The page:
Ensure that your transcreated content is properly edited and proofread by professionals. You might also consider back translation to get a sense of how your message is being retained and relayed in your new target materials.

You should ensure your chosen Language Service Provider uses native specialists for every stage of the review process.

Transcreate more than just the words you use

High-quality transcreation will almost always go beyond just creatively re-imagining the words in your content. Some other types of transcreation are often involved, such as:

1) Product transcreation

You can’t get more essential than this. Some projects are simply unsuitable for a specific new target audience.

Imagine if your product was beefburgers and you were trying to market to an audience containing many people who believe cows to be sacred.

McDonald’s didn’t have to imagine this situation. That’s why McDonald’s restaurants in India stock “McPaneer Royales” instead of their usual more meat-focused menu choices.

2) Design transcreation

Colours, design elements, the format and structure of your content may all need to be creatively reimagined for your new audience.

In China and many other parts of South-East Asia, colour symbolism is mainstream and treated seriously in a wide range of contexts. The implications of colour are also a major design consideration in other parts of the world – and many colours mean different things in different places.

For a great example of a brand that does this well, check out how the courier company UPS alters the colour scheme of its branding in different regions.

3) Image and video transcreation

They say that a picture is worth a thousand words. And it’s certainly true that when it comes to your choice of imagery in projects that require transcreation, you can’t put a value on properly adapted images and video content.

The choice of what people in images or video content are wearing. The way they are interacting with each other. The places they are shown to be. It can all help or hinder your content in its mission to connect with your audience.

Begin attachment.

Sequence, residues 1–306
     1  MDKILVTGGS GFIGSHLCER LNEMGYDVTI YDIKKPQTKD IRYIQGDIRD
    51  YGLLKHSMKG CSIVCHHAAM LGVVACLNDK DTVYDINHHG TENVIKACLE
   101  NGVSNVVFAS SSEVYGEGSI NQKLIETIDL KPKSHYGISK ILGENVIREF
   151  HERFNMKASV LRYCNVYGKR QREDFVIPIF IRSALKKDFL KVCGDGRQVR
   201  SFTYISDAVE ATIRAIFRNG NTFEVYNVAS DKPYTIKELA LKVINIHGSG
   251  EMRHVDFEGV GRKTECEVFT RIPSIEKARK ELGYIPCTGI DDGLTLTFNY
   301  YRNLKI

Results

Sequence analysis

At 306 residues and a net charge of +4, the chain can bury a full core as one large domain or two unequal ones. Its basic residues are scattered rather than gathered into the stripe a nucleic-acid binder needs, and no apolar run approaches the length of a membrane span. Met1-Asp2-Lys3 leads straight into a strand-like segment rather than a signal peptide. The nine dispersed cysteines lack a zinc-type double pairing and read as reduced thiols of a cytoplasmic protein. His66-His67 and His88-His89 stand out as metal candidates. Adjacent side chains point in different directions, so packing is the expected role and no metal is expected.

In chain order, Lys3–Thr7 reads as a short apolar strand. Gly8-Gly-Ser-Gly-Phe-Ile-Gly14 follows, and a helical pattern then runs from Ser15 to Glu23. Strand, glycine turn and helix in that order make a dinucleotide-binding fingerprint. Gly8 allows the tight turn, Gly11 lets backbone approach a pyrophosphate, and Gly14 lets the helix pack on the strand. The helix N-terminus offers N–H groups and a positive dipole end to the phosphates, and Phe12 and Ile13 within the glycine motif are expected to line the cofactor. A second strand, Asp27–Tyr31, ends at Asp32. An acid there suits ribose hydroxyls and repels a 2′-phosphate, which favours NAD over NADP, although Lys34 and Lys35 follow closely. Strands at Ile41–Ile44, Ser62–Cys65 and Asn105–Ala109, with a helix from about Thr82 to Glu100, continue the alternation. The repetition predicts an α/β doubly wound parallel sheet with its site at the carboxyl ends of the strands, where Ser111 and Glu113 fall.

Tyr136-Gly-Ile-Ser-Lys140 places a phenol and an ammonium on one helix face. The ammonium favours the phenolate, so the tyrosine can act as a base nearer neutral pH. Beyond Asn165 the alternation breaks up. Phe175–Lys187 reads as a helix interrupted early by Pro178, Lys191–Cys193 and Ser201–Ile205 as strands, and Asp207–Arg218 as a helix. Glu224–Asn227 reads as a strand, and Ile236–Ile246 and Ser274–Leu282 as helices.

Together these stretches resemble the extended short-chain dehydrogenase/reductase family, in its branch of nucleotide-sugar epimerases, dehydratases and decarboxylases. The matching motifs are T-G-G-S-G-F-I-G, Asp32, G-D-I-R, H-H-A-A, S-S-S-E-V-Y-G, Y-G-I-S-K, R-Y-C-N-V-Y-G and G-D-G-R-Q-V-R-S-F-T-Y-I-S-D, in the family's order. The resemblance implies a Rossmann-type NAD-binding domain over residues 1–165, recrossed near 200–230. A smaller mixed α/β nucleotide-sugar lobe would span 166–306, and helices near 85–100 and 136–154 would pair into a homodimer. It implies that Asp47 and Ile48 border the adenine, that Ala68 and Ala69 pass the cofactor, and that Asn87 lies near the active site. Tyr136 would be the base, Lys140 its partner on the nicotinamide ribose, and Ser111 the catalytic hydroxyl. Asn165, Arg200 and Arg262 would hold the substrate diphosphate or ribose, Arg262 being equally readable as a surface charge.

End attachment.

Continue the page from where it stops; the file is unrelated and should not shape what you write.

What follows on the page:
4) Sound and audio transcreation

Accents and dialect also play a major role in making your content appear natural to the native ears of your audience as well as their eyes.

Even regions that speak the same language may have distinct dialect words or accents. In some countries, these may differ even in areas that are very close to each other geographically speaking. It’s even more the case between different countries with the same national languages.

For instance, an advert featuring a Mexican Spanish speaker using Mexican dialect words and accent would be less likely to connect with a Spanish-speaking audience in Spain itself.

Equally, targeting the national languages of some countries may require multiple versions – or the local knowledge to know that the day-to-day language used by local people is different.

Just picture the languages of Singapore and how you might go about recommending a foreign company go about marketing its products.

5) Transcreation for SEO purposes

Transcreation is also a vital component in SEO and online marketing campaigns. Organic SEO strategies rely on people being able to find your content. This means that both the actual content of your campaign, your keywords, as well as the marketing strategies you use may all need to be transcreated or adapted for your local audience.

As with so many advertising and marketing campaigns, more knowledge and research is better. Hopefully, knowing a little more about transcreation should show you how and why it’s important to properly target your new regional audience if you want to be successful.

Might your next translation project involve transcreation?

Let’s talk about it. Asian Absolute creates carefully localised, transcreated content for market-leading organisations in every industry.

Get in touch with us today. Let’s see what transcreation can do for you.